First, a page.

More signs emerged this week of India’s airline market being a hotbed of activity, as a host of executives spoke at an industry event.

They provided yet more evidence that India’s airline sector will be anything but boring as carriers seek to take advantage of the country’s much-discussed growth potential.

Among the speakers at the CAPA India Aviation Summit 2023 in Delhi were chief executives representing a low-cost start-up with international ambitions, a grounded full-service carrier attempting to reinvent itself, and an established operator that has lost ground and needs fresh equity to regain its footing – all before one even considers the market’s two biggest players in the shape of IndiGo and Air India.


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In that order, low-cost carrier Akasa Air said it plans to launch international flights by the end of the year, around 18 months after it started operations in 2022. Furthermore, chief executive Vinay Dube says the airline intends to place a “much larger” aircraft order by year-end.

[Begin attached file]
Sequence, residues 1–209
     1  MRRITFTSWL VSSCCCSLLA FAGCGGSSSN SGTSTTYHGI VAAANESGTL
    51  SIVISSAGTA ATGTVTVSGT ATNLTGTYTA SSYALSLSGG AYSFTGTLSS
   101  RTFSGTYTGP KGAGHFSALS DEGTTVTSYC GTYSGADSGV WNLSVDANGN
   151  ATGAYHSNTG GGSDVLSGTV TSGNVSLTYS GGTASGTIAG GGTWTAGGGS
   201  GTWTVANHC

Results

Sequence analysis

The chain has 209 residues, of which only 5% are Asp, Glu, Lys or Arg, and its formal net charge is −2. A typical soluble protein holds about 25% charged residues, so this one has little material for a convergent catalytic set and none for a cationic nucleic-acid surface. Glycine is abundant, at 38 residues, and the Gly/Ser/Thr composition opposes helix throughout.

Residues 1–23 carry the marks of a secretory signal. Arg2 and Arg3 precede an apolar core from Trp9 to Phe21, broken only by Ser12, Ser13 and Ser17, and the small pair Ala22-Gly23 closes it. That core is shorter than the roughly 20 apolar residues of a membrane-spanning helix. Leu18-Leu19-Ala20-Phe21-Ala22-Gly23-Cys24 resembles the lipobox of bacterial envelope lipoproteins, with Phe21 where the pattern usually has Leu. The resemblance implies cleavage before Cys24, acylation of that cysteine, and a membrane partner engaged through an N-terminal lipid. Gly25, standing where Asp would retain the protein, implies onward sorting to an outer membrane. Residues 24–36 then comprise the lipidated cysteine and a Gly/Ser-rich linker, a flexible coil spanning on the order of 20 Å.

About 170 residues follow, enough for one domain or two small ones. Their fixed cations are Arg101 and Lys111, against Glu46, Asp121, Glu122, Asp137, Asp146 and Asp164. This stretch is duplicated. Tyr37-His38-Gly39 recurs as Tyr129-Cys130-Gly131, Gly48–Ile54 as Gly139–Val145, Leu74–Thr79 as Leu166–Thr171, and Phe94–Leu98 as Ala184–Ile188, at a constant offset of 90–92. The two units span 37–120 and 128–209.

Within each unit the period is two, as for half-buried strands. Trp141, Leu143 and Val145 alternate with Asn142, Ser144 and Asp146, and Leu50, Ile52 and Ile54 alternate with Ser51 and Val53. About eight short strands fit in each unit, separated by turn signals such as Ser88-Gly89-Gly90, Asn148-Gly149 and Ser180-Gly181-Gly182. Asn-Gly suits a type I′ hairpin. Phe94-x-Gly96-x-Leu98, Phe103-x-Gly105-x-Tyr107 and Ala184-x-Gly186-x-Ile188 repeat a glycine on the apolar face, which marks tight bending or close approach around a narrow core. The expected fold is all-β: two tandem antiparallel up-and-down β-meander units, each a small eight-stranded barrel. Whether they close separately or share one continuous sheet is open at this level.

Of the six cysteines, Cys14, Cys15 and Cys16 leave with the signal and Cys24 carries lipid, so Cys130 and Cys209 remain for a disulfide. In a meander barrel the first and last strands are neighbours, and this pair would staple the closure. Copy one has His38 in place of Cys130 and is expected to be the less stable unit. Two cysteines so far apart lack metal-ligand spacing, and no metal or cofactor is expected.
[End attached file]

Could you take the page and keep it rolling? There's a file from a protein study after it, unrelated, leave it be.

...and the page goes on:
The relaunch of India’s Jet Airways, meanwhile, will see the airline take a “new approach” to its business model once it can overcome legal hurdles that have delayed its return by several months.

Sanjiv Kapoor, the airline’s chief executive-designate, says the relaunched business strategy “will not be a copy-paste” from the old airline, which collapsed in 2019.

“There’s going to be a new approach to fleet… a new approach to revenue management, a new approach to customers, a new approach to IT and digital and how it benefits the end-users,” says Kapoor.

Next, SpiceJet chief executive Ajay Singh said “we just refuse to die” as his carrier works to “significantly” restructure its balance sheet in the coming months, raise fresh equity, and embark on an “aggressive push” to grow its fleet.

SpiceJet has lost ground on rivals during the Covid-19 recovery, with Singh acknowledging it has been “the weaker link” in the Indian airline sector.

But challenges and opportunities in India are not restricted to local operators. Speaking at the same event, Emirates president Tim Clark said his airline had been unable to ramp-up operations to India amid “vexing” seat caps.

He urged Indian authorities to lift a cap on seat numbers for flights to and from Dubai, amid growing travel demand and increasing competition from Indian operators.

The event took place soon after the country’s largest operator by fleet size, IndiGo, downplayed a report about possible aircraft orders that would eclipse Air India’s recent commitments.